I love how black people are wrong for expressing any kind of emotion at all, ever. You’d think Americans would be thrilled that another American—albeit an African American—brought home a victory when Serena snagged her first singles gold medal, defeating Maria Sharapova in two sets during Sunday’s Olympic tennis match. But somehow her ode to Compton when she busted out an impromptu c-walk in light of her victory put a damper on the mood for some—unsurprisingly someone at Fox—surprisingly someone black, sports columnist Jason Whitlock.
Addressing the criticism Serena received after she did her dance, and seemingly questioning why she didn’t receive more backlash, the columnist wrote in an article today:
“What Serena did was akin to cracking a tasteless, X-rated joke inside a church…
“Serena deserved to be criticized and she should’ve immediately apologized. Wimbledon isn’t the place to break out a dance popularized by California Crip gang members. She knows it. That’s why she got embarrassed when asked by reporters to reveal the name of the dance.
“Crip Walking inside an NBA arena that is routinely filled with the sounds of edited versions of popular gangsta rap songs is different from Crip Walking at Wimbledon. That fact has nothing to do with race. It has to do with tradition and atmosphere. Wimbledon is a sports church, falsely prim, proper and respectful.
“Again, Serena deserved to be called out. What she did was immature and classless. She made a mistake, something we all do.
“It’s my belief it was a premeditated mistake. Serena has never been given her proper respect at Wimbledon….
“I bet in a private moment Friday night or Saturday morning, Serena told her sister Venus, ‘I’m going to kick this b*%& a** and Crip Walk all over this crusty-a** place.’”
Mmmkay Uncle Tom, I mean Jason. Allow me to pull out a chair for you as a proper lady would so you can immediately have a seat and think about the mistake you made with this article.
I love the assumed ghetto-girl commentary he attributes to Serena simply because she expressed 13 seconds of joy over an amazing athletic defeat. Premeditated or not, I don’t see the problem with what she did. I’d like to see what Jason would do had he trained to be a great writer for four years then been presented with an award recognizing a dominant triumph over someone else in the field. After reading this, I suppose he’d mosey on in through the back door and tank da committee for dey graciousness toward a negro. Cut it out.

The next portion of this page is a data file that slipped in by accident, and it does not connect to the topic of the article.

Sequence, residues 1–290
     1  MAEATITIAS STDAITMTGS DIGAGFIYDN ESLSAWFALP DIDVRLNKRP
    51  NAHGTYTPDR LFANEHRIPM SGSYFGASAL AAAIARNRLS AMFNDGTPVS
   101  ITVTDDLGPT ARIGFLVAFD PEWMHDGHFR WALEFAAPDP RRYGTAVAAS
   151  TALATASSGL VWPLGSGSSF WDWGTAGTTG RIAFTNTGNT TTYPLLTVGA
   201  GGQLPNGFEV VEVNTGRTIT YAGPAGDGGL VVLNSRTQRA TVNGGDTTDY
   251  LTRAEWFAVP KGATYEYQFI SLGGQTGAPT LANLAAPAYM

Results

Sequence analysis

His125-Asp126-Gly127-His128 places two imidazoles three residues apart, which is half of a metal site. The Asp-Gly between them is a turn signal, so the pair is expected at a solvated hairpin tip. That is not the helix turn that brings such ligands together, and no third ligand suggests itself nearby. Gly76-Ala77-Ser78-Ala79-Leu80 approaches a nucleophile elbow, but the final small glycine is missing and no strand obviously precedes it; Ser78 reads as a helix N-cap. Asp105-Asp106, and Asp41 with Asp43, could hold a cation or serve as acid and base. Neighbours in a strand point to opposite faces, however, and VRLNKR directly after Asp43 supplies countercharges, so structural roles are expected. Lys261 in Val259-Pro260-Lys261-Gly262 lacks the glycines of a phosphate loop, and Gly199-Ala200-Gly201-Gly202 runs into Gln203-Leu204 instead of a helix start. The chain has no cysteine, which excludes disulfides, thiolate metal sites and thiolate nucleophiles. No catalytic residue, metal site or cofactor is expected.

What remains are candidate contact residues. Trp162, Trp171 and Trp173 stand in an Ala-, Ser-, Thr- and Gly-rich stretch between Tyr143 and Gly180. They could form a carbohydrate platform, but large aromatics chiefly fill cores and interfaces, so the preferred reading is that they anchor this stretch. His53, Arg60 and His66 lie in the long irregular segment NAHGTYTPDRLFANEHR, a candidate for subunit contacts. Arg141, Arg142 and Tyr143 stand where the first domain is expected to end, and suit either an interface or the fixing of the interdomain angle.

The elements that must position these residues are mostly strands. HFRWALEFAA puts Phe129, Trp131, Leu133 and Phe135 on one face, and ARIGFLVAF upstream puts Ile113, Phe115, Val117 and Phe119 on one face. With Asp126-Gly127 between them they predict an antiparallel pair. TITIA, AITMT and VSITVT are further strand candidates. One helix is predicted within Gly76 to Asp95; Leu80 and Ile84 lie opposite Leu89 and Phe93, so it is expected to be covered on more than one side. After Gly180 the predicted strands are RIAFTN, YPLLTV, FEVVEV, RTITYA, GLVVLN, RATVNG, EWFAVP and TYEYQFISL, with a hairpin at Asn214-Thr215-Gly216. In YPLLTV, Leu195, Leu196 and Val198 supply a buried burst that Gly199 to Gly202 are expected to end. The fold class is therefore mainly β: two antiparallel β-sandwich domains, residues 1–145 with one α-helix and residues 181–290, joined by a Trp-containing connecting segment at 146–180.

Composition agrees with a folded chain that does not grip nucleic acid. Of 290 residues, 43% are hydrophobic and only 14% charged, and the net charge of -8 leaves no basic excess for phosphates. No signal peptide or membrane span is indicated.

Similarly, L.A. Times‘ writer Bill Plaschke took to twitter to express his disgust with the act, accusing Serena of being too removed from the crip culture, tweeting:
“C-walking at Wimbledon only shows how long she’s been away from home, separated from violence and death associated with that dance”
“Isn’t there some kind of dance done by multi-millionaires who live in exclusive South Florida neighborhoods? That’s shud be Serena’s dance”
Bill, please join Jason at his table for two.
Serena has had her moments when she’s let her anger get the best of her, and according to some, displayed inproper sportsmanship during a match, but to say she can’t celebrate with a victory dance that no one at Wimbledon knew had gang affiliation at one point (as observed by their questions of what the dance was called and suggestions of “the Serena” or “the Wimbledon”) is absurd. Unsurprisingly, Serena thinks so too. She told US Weekly:
“I don’t care. That’s the least of my worries . . . I’m so excited I was able to do the dance. I’m glad I did it!
“It just happened. I was so excited that it just came out,” she said, laughing at the amount of attention the move received. “I guess I’m good at it!”
Jason Whitlock seems to think black people’s defense of Serena’s dance is delusional hypocrisy akin to turning a blind eye to intraracial digressions while labeling a white person doing the same thing a bigot. I happen to find a black man policing a black woman’s behavior under the same racial microscope as the rest of society deplorable and disappointing. It’s not the deep homie.
Here’s a look at Serena’s “tasteless” 13-second c-walk. What are your thoughts on it?